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Will a bill just passed in Sacramento solve the ‘mystery surcharge’ Californians pay at the gas pump?

Gas pump nozzle connected to a vehicle.
Senate Bill 1322, which passed through the state Legislature, will require California refineries to disclose more information to the California Energy Commission.
(Rob Nikolewski / The San Diego Union-Tribune)

Senate Bill 1322 mandates more information from the state’s oil refiners

California oil refineries will be required to disclose more information about what goes into the pricing of gasoline that Golden State motorists pay at the pump under a bill that has passed through the Legislature in Sacramento and will soon land on Gov. Gavin Newsom’s desk.

Senate Bill 1322, sponsored by Sen. Ben Allen (D-Santa Monica), requires the state’s five refiners to report to the California Energy Commission how much crude oil they refine into gasoline each month, how much they paid for each barrel and how much they make.

Supporters say the legislation will help explain what’s been dubbed as a “mystery surcharge” — an unexplained difference in price paid by California drivers when they fill up, even after all the federal and state taxes and fees are taken out of the equation.

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“The reason we believe that the gas prices are so high is because the oil refiners are charging us based on the world price of crude oil,” said Jamie Court, president of Consumer Watchdog, a Los Angeles-based consumer group that backed the bill. “But their crude oil is much cheaper because they have long-term contracts for crude oil and they’ve basically exploited th0.e Ukrainian crisis just to make a killing.”

But Kevin Slagle, spokesman for the Western States Petroleum Assn., a trade group representing the region’s oil companies and refineries, said the bill is unnecessary because the industry already submits “an excessive amount of data” to the energy commission on a monthly basis.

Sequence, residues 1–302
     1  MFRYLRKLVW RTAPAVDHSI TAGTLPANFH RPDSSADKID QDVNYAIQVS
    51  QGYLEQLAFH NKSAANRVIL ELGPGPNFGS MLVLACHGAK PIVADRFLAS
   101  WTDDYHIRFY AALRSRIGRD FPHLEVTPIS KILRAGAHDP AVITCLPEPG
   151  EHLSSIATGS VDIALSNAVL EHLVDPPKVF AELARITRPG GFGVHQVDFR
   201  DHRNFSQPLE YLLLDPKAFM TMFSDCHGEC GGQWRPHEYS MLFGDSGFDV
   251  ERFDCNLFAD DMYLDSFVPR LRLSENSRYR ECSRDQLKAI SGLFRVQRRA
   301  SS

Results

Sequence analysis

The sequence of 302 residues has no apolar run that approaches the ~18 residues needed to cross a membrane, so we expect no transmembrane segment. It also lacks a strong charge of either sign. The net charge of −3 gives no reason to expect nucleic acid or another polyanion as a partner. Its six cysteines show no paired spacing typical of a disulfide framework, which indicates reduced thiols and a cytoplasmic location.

“This is a solution looking for a problem,” Slagle said.

Gas prices seem to have little logic, especially since Russia invaded Ukraine. Culprits? A combination of market forces, the “mystery gas surcharge” and more.

It’s well known that California drivers pay more for a gallon of gas than those in just about any other state, largely due to higher taxes and fees, plus the cost of making the state’s specially blended gasoline that is formulated to reduce air pollution.

The average price in California for a gallon of regular stood at $5.26 on Wednesday, according to the American Automobile Assn. That’s $1.42 higher than the average price in the U.S. of $3.84.

In February 2015, an explosion at an Exxon Mobil refinery in Torrance knocked out about 10% of the state’s gasoline supply, driving up prices. After normal operations resumed, prices went down modestly. But research from UC Berkeley professor Severin Borenstein and others showed that prices did not completely return to their previous, pre-explosion, levels.

And for the last seven years, that residual amount — the mystery surcharge — has never gone away.